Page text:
CircuLite Attracts Big Support for Tiny Heart-Assist Device

1/5/12Follow @arleneweintraub

Yesterday Saddle Brook, NJ-based CircuLite announced it received a $950,000 grant to develop a device for patients whose hearts have been weakened by pulmonary arterial hypertension, a rare and potentially fatal disease. The award, which came from the Cardiovascular Medical Research and Education Fund, was the latest vote of confidence in CircuLite’s core technology—a miniscule, implantable pump that’s designed to boost the heart’s ability to circulate blood.

The grant followed close on the heels of CircuLite’s latest financing, a $30 million Series D funding round that was oversubscribed. The financing, announced November 30, brought the total amount raised by the device maker to $99 million.

CEO Paul Southworth says CircuLite will funnel the new money into an ambitious list of goals he has established for 2012. The company expects to gain approval for its device, called Synergy, in Europe and to begin marketing it there for patients with chronic heart failure. CircuLite is also planning its first U.S. trials. And it’s developing a second generation of Synergy that can be implanted without major surgery.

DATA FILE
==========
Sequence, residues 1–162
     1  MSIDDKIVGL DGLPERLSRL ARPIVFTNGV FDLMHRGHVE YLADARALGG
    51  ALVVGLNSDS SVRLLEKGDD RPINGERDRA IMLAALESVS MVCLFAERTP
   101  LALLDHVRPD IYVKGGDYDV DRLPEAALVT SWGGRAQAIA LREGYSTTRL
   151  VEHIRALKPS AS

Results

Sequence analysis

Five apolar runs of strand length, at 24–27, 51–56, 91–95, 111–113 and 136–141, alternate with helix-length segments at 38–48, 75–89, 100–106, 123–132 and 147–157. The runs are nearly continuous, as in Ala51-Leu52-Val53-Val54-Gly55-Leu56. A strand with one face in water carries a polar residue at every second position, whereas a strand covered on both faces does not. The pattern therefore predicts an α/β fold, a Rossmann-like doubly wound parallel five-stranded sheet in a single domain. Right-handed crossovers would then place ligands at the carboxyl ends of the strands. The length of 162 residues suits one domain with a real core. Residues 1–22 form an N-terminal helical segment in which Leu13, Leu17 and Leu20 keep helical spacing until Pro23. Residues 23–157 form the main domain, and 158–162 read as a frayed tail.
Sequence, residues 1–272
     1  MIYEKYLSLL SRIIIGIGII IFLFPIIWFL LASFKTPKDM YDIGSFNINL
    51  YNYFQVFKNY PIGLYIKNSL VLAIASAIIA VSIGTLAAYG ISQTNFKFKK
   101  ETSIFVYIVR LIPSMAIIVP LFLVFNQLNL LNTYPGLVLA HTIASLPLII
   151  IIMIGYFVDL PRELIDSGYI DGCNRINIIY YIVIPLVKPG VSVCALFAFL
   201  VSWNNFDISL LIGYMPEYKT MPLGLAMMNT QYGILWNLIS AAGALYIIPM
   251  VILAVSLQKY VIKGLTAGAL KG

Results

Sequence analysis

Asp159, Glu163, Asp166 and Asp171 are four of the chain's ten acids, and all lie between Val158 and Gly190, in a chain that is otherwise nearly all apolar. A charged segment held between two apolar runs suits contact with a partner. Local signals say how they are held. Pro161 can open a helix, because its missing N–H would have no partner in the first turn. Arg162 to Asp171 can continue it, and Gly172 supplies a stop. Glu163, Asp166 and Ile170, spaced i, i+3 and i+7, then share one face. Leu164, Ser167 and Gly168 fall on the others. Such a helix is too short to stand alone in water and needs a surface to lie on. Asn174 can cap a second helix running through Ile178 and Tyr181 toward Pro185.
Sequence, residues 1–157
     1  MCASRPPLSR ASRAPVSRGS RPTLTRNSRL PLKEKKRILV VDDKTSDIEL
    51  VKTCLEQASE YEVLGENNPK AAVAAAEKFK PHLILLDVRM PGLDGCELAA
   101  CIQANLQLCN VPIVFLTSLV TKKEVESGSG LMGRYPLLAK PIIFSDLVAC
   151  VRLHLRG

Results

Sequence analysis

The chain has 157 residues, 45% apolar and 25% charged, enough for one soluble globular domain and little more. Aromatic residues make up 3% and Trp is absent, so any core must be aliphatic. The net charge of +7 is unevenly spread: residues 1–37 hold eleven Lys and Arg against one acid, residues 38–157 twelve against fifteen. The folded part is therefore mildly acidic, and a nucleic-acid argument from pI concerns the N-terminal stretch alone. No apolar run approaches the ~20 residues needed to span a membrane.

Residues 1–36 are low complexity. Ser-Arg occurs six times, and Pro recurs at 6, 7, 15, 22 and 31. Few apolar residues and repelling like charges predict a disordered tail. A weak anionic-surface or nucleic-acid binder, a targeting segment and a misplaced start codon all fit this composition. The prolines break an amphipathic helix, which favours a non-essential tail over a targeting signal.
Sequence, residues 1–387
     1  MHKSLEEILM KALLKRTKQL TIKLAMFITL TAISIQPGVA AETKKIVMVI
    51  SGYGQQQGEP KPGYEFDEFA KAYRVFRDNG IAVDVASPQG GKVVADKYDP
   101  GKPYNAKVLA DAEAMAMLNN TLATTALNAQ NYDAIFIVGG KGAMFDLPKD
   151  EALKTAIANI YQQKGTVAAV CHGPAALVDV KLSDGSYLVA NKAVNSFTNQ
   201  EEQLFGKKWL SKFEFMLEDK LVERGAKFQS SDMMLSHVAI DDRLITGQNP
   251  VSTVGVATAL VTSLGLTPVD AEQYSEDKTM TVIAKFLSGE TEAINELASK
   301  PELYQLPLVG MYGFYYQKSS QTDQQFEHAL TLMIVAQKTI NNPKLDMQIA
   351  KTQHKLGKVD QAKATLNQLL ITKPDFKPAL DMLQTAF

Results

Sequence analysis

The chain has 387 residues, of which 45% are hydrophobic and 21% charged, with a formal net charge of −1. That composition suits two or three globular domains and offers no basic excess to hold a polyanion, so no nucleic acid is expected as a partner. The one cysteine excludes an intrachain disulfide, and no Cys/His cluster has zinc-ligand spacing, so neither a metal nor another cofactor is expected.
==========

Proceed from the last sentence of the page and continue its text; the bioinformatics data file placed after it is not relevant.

CircuLite was founded in 2004 in a startup incubator called Accelerated Technologies Inc. (ATI), which was run by cardiologists. They recognized a hole in the cardiac-devices market: So-called ventricular assist devices were great for very sick patients. But those in the earlier stages of heart failure had no good treatment options. “There was an opportunity to get to patients before they got so sick,” Southworth says. “These are patients who have run the course on drugs or heart-rhythm management. There’s no place for them to go but to continue to worsen and fall into that late stage.”

Synergy works by supplementing the heart’s natural ability to pump blood. The device, about the size of a AA battery, is implanted by heart surgeons in a 90-minute procedure called … Next Page »

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  • http://google Arnold Ness

    I have heart failure and need to be on oxygen most of the time. This appears to be a device that would help me. Please keep me posted on your developments.